Speculation continues to grow that if the coronavirus pandemic is still an issue in the coming months, college football could be moving to the spring.

That’s something ESPN college football analyst Chris Fowler recently shared and defined his information as “informed speculation” after speaking to many in and around college athletics.

While we remain weeks away, at the earliest, from any decisions of that magnitude being made, that hasn’t stopped the pundits from around the sport to weigh in on the topic.

The latest big name in college sports to weigh in on the speculation comes from SEC Network host Paul Finebaum, who was recently asked to share his thoughts on the potential of college football moving to the spring during an appearance on SportsCenter.

In Finebaum’s mind, that move doesn’t seem very realistic.

“I don’t think it’s viable at all,” Finebaum said. “First of all, it conflicts directly with the college basketball season and it will create a nightmare for commissioners and television executives. I think it’s more realistic that the season will start sometime this fall. There’s talk about maybe a little bit later then early September, but I think the bigger issue is, even if we have college football this year, will fans show up?”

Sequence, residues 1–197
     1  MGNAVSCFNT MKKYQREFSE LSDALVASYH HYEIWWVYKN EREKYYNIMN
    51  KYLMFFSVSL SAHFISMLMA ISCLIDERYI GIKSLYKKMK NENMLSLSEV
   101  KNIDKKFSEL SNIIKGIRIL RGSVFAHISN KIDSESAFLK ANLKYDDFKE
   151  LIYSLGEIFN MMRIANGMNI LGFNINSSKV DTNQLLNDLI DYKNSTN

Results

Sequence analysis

After speaking to many fans on his show in recent weeks, the SEC Network host shared his belief that getting fans to pack stadiums in the near future may be a tough sell for most programs.

“I know, on our program fans can’t wait to watch football, they can’t wait to see it, but there’s a difference in wanting to see it, and going to a stadium and sitting with 103,000 people,” Finebaum continued. “Based on just word of mouth, people calling into a program and talking to people, I think there’s going to be a great reluctance. Now, will there be people? Sure, but I don’t think you’ll see full stadiums, at least not in September or October.”

If that is indeed accurate, moving the season to the spring would appear to elevate those concerns. While Finebaum makes good points with the conflicts a move like that would make, college football will likely do what’s best for the sport and leave other sports with the reality of having to deal with the aftermath of that decision.